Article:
Teraflops: These are all everyone wants to talk about when the upcoming Xbox Series X or PlayStation 5 consoles are mentioned. That’s because Microsoft and Sony brag about big performance increases thanks, in part, to an increase in teraflops.
Console versus PC
The Xbox Series X GPU is based on AMD’s RDNA 2 architecture and will be capable of supporting 12 teraflops. Meanwhile, Sony’s PlayStation 5 (also based on AMD’s RDNA 2 architecture) will have a GPU with 10.28 teraflops.
That’s a lot of flops going on, and it’s comparable, or better, to what high-end PC graphics cards offer right now.
As of April 2020, the Radeon RX 5700XT (around $ 400 at the time of writing) is one of the best AMD cards, with a 9.75 teraflop GPU. The NVIDIA GeForce RTX 2080 Ti ($ 1,300 to $ 1,500 as of this writing), meanwhile, is capable of 13.4 teraflops. There’s also NVIDIA’s RTX Titan, with a whopping 16.31 teraflops. But, at well over $ 2,000 as of this writing, this is out of reach for most players.
We do not anticipate ourselves, however. Let’s talk about what teraflops are and why this specification is important for graphics.
What are the FLOPS?
FLOPS stands for floating point operations per second. Floating point arithmetic is the common way to process numbers in game development. Without getting too lost in the weeds, floating point operations make it easier for computers to work more efficiently with a wider range of numbers.
The most common way to express flops is in the single precision floating point format, FP32. This means that the computer uses 32 bits to store data in that format. There is also a half-precision format that occupies 16 bits (FP16) instead of 32. The most common way to express teraflops for GPUs right now is single precision. However, AMD has used FP16 in its Vega GPUs and RDNA 2 allows FP16.
In the real world, floating point is much easier for game creators with 3D graphics to use. If games were based on fixed point operations, like the original PlayStation, there would be a lot of problems. In-game visuals would have poor appearance and behavior, and the code would generally be less efficient.
So, cheers on floating point operations!
FLOPS Inflation led to TFLOPS
Games have to process a lot of data, which is why flops are such an important benchmark. The more flops a GPU can do, the faster the data can be processed and the more computing power available to run games.
The original Sega Dreamcast (1999) had 1.4 Gigaflops, meaning it could process up to 1.4 billion floating point operations per second. A few years later, the original Xbox (2002) was rocking 20 gigaflops (20 billion flops). The PlayStation 3 (2006) had nearly twelve times that, at 230.4 gigaflops.
Each console has improved dramatically over its predecessor, largely thanks to the graphics processing power. The flop specification is a quick way to get an idea of how much power there is under the graphics processor hood of a particular console or GPU.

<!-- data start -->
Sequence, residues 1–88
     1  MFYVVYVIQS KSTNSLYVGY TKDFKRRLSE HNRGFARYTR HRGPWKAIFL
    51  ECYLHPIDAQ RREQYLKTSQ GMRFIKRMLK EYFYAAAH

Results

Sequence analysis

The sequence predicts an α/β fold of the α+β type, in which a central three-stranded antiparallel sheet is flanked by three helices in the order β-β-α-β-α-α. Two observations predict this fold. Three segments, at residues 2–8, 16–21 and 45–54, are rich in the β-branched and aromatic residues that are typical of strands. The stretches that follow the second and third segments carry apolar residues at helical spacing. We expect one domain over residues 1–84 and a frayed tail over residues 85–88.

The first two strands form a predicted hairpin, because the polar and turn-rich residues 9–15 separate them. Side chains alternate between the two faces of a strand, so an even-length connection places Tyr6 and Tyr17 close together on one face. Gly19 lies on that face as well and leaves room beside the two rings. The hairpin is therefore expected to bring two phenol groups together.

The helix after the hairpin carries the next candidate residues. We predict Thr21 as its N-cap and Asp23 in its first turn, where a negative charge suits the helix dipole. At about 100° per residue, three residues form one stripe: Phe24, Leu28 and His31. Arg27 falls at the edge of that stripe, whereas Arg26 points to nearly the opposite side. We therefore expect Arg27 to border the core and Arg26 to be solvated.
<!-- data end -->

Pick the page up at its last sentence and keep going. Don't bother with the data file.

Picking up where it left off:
The 12 teraflops of computing power of the upcoming Xbox Series X means it can perform up to 12 trillion floating point operations per second. The PlayStation 5, meanwhile, peaks at 10.28 trillion flops.
If we relied solely on flops as a measure, we would conclude that Xbox Series X will be better than PlayStation 5, which would be a mistake.
How important are TFLOPS?
Flop count is important across console generations, but not so much when the gap is smaller.
Comparing teraflop counts for modern graphics cards, such as the AMD Radeon 5700 XT and GeForce RTX 2080 Ti, can also be misleading. The new consoles will use AMD’s new RDNA 2 architecture. The new architecture usually means better performance than previous cards, even with similar hardware specifications.
Like anything else in computing, though, it’s all a matter of implementation. CPU specs, RAM, and even software make a difference. When you put it all together, the consensus is that new consoles should outperform most PC gaming platforms currently out there.
Xbox Series X and PlayStation 5 will have eight-core and sixteen-thread processors. This reaches incredible levels of PC gaming and it’s been a long time to get to the set-top boxes. Both consoles also plan to use NVMe SSDs, which means faster load times for games and better overall responsiveness.
The new console GPUs will also have an impressive number of high-clocked processing units: 52 at 1,825 GHz for Xbox and 36 CU at 2.23 GHz for PlayStation. For comparison, the Radeon 5700 XT has 40 CUs at 1.6 GHz.
Of course, AMD’s RDNA 2 won’t live exclusively inside the new consoles. Once it hits PC graphics cards (along with NVIDIA’s expected Ampere architecture), any advantage consoles have over PCs will disappear.
TFLOPS aren’t the only thing that matters
There is no doubt that the new consoles will be powerful beasts. Microsoft and Sony say their consoles will hit 60 frames per second at 4K resolution in AAA titles (typically the most graphics-intensive games).
Microsoft is also looking to hit 120 frames per second at 4K for esports games, which are usually less demanding in terms of graphics. However, higher refresh rates mean a smoother picture and an easier time to understand what’s happening on the playing field. Given the chaos that ensues in esports, smoother graphics are a big plus.
In addition to improved performance at higher resolutions, the new consoles will also support ray tracing. We first saw this new technology in NVIDIA graphics cards. Ray tracing increases the lighting effects within a game, often with noticeable improvements. It also offers a more dynamic and realistic game environment where shadows and reflections are more realistic. The computing power (teraflops) available within upcoming GPUs will also help these new features.
Teraflops aren’t the only spec you should pay attention to. However, it will give you a general idea of how a console’s graphics power compares to other hardware, past and present.